By Jenna Bagcal
Head to the Queens County Farm Museum in Floral Park for three days of free holiday fun during the winter break this month.
From Dec. 26 to Dec. 28, from 12 p.m. to 4 p.m., the museum — located at 73-50 Little Neck Pkwy. — invites families to their holiday open house to participate in crafts and informational tours while noshing on seasonal treats.
“The Adriance Farmhouse began as a family homestead when it was built in 1772 so it’s particularly nice to welcome our community to visit us here during the holidays,” noted Jennifer Walden Weprin, executive director of the Queens County Farm Museum. “The roaring fire in the original fireplace really sets the mood for a cozy day with friends and family down on the farm.”
The three days of fun will feature kid-friendly crafts, a walking tour of the historic 17th-century Adriance Farmhouse, hot cocoa, mulled cider and snacks. Guests are also encouraged to roam the farm grounds to meet the steers Jethro and Dexter, as well as alpacas Giorgio and Rocky.
In 1697, the Adriance family began farming the land where the museum currently stands, making it the oldest continually farmed site in New York State. The site features a 47-acre tract of farmland that showcases how agriculture has been a way of life in the city for the past 300 years. The Adriance Farmhouse was built in 1772 and represents the site’s evolution from colonial homestead to a bustling truck farm.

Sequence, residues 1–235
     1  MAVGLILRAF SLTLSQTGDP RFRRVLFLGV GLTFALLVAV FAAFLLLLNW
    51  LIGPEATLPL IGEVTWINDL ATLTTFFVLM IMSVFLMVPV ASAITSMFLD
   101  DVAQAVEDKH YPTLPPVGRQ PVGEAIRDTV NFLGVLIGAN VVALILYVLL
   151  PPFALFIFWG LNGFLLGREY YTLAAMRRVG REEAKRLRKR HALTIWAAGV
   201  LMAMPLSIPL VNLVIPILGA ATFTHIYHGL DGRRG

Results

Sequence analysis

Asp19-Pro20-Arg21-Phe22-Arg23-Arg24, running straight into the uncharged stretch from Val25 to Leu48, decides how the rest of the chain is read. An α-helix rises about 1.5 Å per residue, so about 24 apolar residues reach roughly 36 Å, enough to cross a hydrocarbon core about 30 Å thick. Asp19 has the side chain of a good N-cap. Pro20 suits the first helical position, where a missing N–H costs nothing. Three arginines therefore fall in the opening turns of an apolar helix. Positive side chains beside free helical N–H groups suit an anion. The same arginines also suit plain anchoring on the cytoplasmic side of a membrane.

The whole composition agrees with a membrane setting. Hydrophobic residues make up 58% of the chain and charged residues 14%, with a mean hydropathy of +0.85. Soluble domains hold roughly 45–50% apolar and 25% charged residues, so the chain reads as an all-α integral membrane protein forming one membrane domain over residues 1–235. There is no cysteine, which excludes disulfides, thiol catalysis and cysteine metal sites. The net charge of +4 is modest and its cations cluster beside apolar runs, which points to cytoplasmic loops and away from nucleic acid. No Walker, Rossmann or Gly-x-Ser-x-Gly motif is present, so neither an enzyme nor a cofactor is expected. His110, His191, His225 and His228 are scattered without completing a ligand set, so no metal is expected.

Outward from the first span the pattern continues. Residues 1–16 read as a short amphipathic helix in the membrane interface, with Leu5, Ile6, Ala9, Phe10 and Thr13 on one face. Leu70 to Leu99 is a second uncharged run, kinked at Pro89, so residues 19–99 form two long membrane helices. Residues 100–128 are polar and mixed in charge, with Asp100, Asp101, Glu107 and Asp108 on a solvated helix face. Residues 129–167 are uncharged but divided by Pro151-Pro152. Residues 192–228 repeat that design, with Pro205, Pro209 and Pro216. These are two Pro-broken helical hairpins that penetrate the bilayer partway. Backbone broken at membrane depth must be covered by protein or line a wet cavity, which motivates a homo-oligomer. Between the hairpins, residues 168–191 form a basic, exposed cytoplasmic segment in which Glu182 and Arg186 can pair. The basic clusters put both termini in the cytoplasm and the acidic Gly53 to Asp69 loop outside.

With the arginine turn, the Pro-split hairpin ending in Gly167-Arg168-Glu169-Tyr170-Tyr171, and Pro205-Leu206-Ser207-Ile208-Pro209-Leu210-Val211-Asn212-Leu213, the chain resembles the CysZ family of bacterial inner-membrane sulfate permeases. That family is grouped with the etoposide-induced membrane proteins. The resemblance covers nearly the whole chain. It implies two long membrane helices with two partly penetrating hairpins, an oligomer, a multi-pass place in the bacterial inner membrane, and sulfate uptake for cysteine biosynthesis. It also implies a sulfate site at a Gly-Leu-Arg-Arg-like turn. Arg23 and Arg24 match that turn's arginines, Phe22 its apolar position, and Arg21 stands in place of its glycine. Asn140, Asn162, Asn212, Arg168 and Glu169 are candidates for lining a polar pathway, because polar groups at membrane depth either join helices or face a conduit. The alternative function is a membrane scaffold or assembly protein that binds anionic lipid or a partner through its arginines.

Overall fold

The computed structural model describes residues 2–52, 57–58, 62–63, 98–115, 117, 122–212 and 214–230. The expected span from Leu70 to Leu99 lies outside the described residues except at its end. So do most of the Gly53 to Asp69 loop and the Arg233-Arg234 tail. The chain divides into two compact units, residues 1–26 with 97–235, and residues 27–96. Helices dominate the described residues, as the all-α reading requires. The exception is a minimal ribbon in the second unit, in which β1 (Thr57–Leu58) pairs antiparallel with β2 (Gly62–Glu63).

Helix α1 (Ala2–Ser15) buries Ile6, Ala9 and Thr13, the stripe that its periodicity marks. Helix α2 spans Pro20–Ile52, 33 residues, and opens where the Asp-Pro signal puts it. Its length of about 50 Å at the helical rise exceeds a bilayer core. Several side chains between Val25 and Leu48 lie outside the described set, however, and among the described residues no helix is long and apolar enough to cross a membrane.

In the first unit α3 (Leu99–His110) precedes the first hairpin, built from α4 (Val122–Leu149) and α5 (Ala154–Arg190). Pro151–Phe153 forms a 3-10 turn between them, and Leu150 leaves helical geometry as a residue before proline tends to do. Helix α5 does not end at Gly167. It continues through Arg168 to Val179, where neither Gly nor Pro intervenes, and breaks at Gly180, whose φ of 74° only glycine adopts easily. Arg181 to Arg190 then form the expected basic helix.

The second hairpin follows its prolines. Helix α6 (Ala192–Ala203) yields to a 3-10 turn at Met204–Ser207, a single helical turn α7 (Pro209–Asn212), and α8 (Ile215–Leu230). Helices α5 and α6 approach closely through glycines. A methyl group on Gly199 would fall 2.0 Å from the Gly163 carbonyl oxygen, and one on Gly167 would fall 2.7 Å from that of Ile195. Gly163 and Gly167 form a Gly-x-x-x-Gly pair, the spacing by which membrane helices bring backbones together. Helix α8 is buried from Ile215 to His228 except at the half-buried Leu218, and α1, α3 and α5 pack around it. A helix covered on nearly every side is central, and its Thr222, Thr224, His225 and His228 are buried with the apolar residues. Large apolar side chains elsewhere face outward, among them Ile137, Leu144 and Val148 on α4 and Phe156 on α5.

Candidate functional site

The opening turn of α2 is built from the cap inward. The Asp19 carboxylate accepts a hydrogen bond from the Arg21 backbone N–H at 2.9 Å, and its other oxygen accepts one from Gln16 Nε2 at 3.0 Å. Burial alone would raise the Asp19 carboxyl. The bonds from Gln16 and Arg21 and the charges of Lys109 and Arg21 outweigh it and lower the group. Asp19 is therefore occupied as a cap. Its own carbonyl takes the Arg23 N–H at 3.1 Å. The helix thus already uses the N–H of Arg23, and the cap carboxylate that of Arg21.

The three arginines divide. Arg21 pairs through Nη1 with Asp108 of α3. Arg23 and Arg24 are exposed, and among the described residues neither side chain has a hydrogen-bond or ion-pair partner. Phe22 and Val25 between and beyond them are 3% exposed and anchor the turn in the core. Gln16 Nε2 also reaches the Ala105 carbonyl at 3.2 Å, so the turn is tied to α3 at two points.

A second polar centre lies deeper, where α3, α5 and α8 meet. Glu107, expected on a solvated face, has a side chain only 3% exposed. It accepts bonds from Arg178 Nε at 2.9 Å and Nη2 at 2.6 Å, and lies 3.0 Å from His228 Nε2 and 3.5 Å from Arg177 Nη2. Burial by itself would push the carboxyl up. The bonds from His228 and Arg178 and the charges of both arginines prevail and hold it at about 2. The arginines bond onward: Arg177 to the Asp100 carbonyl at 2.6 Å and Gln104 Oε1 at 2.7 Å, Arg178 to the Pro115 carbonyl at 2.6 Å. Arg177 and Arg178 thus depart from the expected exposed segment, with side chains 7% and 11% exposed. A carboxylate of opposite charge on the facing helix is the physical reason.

Currently, the farm grows more than 80 varieties of vegetables and over 75 varieties of flowers annually. Crops include 6,000 pounds of tomatoes, 4,000 pounds of zucchini, 2,500 pounds of eggplant and 1,600 pounds of winter squash. Just this past year, the Queens Farm sold over 2,800 dozen farm eggs and 1,000 pounds of wildflower honey from the farm’s hives.
The Queens County Farm Museum is a New York City Landmark, on the National Register of Historic Places and a member of the Historic House Trust of New York City.
No advanced sign up is necessary to participate in the holiday open house, but attendees are asked to stop into the farm’s gift shop to sign in upon arrival. For more information, visit queen